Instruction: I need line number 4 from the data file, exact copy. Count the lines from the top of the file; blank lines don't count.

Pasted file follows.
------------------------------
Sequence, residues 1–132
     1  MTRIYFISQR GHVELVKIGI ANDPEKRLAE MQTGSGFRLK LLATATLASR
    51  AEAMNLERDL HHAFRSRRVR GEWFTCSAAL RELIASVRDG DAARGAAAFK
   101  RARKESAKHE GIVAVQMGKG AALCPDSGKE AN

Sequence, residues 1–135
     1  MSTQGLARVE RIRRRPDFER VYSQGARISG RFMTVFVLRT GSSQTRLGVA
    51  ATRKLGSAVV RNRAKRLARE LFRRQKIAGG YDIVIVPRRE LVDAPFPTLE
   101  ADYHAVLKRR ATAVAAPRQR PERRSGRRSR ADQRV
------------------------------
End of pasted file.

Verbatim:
   101  RARKESAKHE GIVAVQMGKG AALCPDSGKE AN